Do I believe that he loves me like the father in the prodigal son tale—with a rushing-forward, embracing, joyful, delight-in-me kind of love. And do I believe I am who he says I am. Do I believe I am a new creation—that I have everything I need. Like Dan Stone says, do I live after the “but”:

Of course, we can give mental assent: “Yes, I’m a new creature, but . . .” Where you are really living comes after the but. “I’m a new creature, but . . .” But what? “But I sure do fail a lot.” Then that’s the way you see yourself. You don’t see yourself as a new creature. You see yourself as failing a lot. Instead, you could say, “I sure do fail a lot, but I’m a new creature.” Then that’s where you’re living. You’re always living after the but.

You are a new creation in Christ Jesus. The old is gone. To whom? To God. It may not disappear as quickly to you, in the seen and temporal realm, as you’d like. But it’s gone to God. He sees the unseen and eternal. He sees the first from the last. And He knows that the old is gone. The question is who’s keeping score? You or God? The old you is gone to the One who is in charge of the universe. To Him, you are not the same person you were before you entered into Christ. You are a brand new creation in Christ.

It took me 21 years after getting saved to catch up to what already was. I said, “Oh my goodness. Look how God has been seeing me for 21 years, and I’ve been bogged down in this flesh conflict, continually trying to make myself new, and losing.” The losing ceased when I stopped trying to become who I wanted to be, and saw that I already was.
When this stuff starts to make sense—even just a little—we are rooting in Jesus. As we walk by this—no matter how little of it we get—and live each day with this truth, we start to trust him more. Our faith becomes based more on him and less on our feelings. We use our trust in and experience of him and our relationship as our guide even when everything around us screams it isn’t true. We learn to trust the truth of who he is and his love rather than our perception, which like Job’s, can change in a heartbeat.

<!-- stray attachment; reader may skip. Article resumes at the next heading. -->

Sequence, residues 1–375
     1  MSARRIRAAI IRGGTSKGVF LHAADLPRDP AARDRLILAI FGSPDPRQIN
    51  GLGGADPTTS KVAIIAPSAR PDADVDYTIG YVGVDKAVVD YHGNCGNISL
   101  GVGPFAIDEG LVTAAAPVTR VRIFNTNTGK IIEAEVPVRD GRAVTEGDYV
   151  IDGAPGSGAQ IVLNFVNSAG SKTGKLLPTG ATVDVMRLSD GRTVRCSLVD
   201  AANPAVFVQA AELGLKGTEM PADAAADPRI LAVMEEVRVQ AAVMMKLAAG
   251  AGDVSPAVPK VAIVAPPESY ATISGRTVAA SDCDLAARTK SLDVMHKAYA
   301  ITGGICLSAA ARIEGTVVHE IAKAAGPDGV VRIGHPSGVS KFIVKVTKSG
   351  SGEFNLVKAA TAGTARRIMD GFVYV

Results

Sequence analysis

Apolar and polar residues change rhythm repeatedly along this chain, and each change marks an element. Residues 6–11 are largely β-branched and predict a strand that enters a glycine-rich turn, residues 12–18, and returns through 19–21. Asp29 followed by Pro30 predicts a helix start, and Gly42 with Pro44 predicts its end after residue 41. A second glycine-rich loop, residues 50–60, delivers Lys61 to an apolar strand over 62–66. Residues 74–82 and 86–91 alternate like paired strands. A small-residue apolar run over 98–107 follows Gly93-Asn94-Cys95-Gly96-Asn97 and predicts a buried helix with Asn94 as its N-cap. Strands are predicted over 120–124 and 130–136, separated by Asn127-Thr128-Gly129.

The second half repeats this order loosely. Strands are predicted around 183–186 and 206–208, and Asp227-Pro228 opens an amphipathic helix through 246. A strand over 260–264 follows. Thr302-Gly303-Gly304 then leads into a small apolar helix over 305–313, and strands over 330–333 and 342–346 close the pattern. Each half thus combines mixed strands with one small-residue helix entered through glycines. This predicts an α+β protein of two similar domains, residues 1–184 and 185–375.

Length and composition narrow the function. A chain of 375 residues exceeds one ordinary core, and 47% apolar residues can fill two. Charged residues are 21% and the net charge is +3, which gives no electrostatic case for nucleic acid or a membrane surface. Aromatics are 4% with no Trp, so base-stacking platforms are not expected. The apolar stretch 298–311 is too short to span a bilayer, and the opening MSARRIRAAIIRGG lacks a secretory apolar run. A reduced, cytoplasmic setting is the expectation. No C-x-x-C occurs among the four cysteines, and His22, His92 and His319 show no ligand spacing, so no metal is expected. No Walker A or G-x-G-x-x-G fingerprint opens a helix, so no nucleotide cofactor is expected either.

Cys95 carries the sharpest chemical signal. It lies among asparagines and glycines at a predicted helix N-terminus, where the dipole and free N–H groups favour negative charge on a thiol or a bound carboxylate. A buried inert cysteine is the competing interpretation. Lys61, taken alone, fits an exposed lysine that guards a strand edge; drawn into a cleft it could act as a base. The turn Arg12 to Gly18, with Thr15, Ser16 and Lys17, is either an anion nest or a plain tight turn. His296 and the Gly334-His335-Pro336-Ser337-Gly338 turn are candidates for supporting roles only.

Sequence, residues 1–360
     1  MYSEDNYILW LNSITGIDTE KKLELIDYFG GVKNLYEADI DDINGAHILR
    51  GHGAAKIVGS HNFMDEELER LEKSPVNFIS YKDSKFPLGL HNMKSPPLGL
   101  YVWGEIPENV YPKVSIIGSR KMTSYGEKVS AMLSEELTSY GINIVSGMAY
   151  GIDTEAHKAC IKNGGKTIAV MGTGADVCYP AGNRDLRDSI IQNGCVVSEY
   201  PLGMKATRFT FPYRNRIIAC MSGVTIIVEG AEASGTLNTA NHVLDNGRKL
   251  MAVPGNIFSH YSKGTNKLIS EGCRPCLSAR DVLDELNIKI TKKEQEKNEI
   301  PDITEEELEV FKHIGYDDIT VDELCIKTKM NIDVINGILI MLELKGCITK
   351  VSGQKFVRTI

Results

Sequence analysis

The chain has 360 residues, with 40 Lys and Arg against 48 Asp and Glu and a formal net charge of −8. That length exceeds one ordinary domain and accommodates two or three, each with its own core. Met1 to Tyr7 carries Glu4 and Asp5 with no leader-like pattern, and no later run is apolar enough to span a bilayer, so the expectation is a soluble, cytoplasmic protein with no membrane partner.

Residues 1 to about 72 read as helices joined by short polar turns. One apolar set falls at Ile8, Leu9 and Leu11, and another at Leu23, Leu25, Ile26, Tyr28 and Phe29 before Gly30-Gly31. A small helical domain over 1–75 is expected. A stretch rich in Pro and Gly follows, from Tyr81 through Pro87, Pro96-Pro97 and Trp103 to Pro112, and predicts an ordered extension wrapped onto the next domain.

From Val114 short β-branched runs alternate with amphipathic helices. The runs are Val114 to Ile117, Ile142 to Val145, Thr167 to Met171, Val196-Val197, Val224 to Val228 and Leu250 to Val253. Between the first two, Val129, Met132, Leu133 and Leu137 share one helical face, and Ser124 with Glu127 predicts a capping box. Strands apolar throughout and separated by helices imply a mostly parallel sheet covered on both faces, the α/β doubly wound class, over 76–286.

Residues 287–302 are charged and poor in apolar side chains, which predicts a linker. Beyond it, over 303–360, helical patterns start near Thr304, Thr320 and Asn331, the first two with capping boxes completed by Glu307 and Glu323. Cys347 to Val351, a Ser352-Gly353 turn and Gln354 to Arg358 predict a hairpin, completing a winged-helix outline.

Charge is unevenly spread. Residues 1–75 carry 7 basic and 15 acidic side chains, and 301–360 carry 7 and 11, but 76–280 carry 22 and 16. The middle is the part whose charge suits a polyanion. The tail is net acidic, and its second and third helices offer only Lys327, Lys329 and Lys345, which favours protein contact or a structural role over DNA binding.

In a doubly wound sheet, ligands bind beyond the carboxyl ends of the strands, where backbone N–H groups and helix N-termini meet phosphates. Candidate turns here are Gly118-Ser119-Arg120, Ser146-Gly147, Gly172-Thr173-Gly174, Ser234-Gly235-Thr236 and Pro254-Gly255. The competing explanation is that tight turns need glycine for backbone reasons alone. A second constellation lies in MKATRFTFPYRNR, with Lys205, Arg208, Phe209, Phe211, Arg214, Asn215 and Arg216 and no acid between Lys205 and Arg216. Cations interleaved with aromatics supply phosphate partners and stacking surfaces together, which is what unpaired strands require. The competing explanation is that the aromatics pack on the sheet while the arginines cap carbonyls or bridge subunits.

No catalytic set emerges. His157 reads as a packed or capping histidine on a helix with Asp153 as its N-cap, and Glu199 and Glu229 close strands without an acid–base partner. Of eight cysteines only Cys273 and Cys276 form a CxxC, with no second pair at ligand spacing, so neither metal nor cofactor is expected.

For me, the feeling of being loved and experiencing his presence comes and goes. And this way of living—letting go everything else and learning to root and live in Jesus—is messy. Sometimes I don’t like it. I don’t like what I see in me when his light shines bright. Part of this living in Jesus is letting go and turning from ways of thinking, living and feeling that have nothing to do with Kingdom. And that can be muddled and, frankly, very painful.

But I’m learning to trust the truth of how life works—that life is rooted in Jesus and I in him, that he loves me, changes me and is always present. And I’m learning to live and trust him through the day. To talk with him—and listen—as I go, not just as I read the Word or set aside times for prayer. To let go and rest. To discover more and more the life and love that lives in me. To embrace and trust that I am made new by this life. To trust who I am, not who I seem to be. To live in and from that life. To live him.

There comes a time to take the plunge, to live in him. The disciplines I use these days seem to center around reminding myself who I am and who God is and what he can do. Because I am still reorientating. I am still renewing my mind. But I am also living. Even though I’m not living as much as I’d like and I’m not changing as quickly as I long to, I taste his life and love more and more. I long one day to live there always.

And I will. He promised.

(Images: feet by doow50 at flickr; big toe by Art Freak at flickr; Kenya by autan at flickr; foot steps by Rainbowfly at flickr; feet superior by er1danus at flickr; for all photos, Some rights reserved.)